Baucus Proposes Free College For Math & Science Majors,Universal Pre-K & More In Major Education Initiative
Senator says bold education overhaul essential for U.S. economic competitiveness
Washington, DC – U.S. Senator Max Baucus (D-Mont.), Ranking Democrat on the Senate Finance Committee, today unveiled a set of major education proposals that will prepare American workers to win and keep good-paying jobs in the competitive global economy. The Baucus Education Competitiveness Act of 2006 will send thousands more Americans to college to obtain science, math, and teaching degrees, and will help get millions more American children ready to learn early in life. In addition to offering scholarships and even free tuition to many American college students, and creating a universal pre-kindergarten program, the Baucus proposal would also increase Pell Grants for college students, enhance tax incentives to support schools, and launch a host of other initiatives to improve American education.
“Smart folks around the globe are getting jobs that used to belong exclusively to American workers. Congress must act to stop America’s educational slide, or the U.S. economy will suffer - along with American families’ finances,” said Baucus. “If we make learning a priority again in America, our educated workforce will attract and keep the best jobs available in the coming decades. This bill will help more Americans succeed in a competitive world.”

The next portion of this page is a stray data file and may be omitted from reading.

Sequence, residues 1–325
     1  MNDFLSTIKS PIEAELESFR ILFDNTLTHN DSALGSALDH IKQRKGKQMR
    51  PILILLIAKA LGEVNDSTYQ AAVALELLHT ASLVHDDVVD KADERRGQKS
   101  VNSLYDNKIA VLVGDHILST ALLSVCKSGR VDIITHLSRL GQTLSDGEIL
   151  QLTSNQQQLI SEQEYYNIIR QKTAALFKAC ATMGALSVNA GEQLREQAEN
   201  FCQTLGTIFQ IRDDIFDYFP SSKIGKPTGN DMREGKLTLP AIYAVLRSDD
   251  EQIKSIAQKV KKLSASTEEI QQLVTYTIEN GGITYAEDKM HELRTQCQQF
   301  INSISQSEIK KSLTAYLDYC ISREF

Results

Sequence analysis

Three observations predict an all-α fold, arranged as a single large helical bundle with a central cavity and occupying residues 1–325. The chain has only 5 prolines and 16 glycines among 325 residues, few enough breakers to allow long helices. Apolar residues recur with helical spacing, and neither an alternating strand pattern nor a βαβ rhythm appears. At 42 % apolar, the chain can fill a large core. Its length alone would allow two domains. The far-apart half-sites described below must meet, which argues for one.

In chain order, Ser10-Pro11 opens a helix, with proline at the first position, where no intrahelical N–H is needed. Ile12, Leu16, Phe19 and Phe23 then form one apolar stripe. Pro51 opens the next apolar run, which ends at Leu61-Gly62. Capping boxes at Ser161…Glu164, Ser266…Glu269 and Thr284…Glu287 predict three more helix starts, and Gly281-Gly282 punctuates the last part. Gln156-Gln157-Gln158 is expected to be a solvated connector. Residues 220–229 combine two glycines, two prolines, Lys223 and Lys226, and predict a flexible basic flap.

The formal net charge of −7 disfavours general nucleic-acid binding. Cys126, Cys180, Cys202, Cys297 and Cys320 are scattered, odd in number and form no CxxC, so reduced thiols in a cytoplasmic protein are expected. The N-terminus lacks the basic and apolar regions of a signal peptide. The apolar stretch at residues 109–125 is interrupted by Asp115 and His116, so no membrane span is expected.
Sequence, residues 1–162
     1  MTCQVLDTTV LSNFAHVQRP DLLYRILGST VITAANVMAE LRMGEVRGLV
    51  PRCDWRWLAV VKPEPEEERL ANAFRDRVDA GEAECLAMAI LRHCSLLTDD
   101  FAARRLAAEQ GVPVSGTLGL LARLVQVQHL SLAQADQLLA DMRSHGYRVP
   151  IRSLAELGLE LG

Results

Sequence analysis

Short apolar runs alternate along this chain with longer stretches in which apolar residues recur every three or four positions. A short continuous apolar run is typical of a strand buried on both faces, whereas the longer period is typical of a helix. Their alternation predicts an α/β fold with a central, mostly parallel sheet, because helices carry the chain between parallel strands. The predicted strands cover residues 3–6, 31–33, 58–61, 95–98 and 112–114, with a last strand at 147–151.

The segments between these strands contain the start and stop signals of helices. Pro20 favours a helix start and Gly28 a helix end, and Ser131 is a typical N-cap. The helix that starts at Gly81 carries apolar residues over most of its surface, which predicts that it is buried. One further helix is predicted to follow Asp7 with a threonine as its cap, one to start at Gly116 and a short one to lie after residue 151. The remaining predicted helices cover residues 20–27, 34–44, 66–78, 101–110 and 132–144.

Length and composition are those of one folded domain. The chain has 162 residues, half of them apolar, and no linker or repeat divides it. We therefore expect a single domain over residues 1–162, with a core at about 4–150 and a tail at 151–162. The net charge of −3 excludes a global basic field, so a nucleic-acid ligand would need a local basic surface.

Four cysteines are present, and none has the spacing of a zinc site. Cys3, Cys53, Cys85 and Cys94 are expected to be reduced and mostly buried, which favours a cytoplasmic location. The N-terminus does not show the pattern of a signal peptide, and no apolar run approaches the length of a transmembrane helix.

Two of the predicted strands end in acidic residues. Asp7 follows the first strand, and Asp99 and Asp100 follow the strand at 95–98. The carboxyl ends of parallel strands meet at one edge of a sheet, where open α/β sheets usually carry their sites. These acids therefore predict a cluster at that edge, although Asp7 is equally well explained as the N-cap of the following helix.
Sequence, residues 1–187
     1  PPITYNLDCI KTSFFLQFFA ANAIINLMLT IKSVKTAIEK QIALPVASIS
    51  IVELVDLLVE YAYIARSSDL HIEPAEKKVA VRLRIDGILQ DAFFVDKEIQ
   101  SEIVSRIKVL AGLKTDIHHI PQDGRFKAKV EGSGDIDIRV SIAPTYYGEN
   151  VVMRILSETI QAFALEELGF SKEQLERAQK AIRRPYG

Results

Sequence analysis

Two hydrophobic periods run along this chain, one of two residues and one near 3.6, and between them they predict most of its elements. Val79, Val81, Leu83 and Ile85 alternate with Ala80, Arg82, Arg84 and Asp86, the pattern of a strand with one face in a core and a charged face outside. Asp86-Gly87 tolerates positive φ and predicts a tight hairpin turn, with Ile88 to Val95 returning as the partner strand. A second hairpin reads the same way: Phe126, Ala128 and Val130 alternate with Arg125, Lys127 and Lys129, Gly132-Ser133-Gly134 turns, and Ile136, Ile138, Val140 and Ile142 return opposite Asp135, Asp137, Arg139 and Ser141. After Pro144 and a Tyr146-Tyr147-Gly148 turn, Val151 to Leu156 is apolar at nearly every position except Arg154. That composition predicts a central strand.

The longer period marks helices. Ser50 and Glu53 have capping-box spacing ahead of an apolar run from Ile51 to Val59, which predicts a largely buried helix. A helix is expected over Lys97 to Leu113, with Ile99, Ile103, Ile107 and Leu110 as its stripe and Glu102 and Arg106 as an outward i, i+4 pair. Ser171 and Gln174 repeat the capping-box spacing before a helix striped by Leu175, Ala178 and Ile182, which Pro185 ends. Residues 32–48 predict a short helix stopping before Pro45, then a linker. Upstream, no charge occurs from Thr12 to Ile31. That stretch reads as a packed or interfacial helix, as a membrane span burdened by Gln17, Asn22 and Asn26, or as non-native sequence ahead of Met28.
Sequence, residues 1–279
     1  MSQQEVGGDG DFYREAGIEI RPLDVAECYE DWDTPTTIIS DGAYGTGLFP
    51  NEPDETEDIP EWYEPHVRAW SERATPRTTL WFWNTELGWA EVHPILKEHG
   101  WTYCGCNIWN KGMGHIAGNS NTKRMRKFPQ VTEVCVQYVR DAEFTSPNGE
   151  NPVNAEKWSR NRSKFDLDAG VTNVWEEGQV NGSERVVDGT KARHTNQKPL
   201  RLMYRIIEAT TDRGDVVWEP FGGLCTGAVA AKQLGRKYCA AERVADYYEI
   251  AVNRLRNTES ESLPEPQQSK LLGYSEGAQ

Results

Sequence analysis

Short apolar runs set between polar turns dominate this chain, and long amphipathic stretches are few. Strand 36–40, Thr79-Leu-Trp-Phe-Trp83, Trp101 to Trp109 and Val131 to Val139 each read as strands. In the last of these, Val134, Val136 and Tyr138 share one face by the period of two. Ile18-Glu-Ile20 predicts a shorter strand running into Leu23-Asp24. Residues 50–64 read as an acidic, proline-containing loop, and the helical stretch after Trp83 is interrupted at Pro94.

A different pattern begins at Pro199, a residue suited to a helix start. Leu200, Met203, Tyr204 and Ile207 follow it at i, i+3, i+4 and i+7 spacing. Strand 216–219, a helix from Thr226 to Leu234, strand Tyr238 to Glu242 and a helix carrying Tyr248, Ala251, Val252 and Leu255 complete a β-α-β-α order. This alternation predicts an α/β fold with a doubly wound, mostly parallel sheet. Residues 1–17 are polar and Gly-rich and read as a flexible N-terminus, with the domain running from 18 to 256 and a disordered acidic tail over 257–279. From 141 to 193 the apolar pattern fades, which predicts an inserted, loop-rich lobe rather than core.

Baucus announced his intention to promote a comprehensive American competitiveness agenda – including education – in January of this year. The Education Competitiveness Act is the fifth in a series of Baucus competitiveness bills introduced in 2006 so far. Its seven titles provide both immediate improvement opportunities and long-term, strategic positioning of America’s education efforts. Its aims include:
Encouraging and rewarding teachers
To help students achieve their full potential, America must invest in teachers. The Teaching Competitiveness Title creates full college scholarships for future teachers of math and science, foreign languages, and early education instruction. It honors the commitment of teachers in rural and underserved areas with supplemental wages and incentives, and boosts the number of Advanced Placement teachers who can help the nation’s brightest students learn.
Emphasizing early learning
Quality early education gives students a competitive edge throughout their lives. Children who fall behind early in academics, however, fall even further behind in subsequent years. The Early Education Title commits to a national voluntary universal pre-kindergarten education program for all income levels.
Without changing existing early education programs, the Early Education Title matches state funding for a qualified program to provide voluntary, universal pre-kindergarten. The title requires minimum standards for hours of instruction, teacher qualifications, and integration with K-12 education. The program will increase matching funds as states increase their pre-kindergarten education accessibility, moving ultimately toward universal access in 2020. This title also creates grants to establish state-level pre-kindergarten through college (PK-16) collaboratives. These collaboratives will bring together stakeholders in pre-kindergarten, primary, secondary, and higher education to create a constructive forum to achieve a seamless, quality education for students.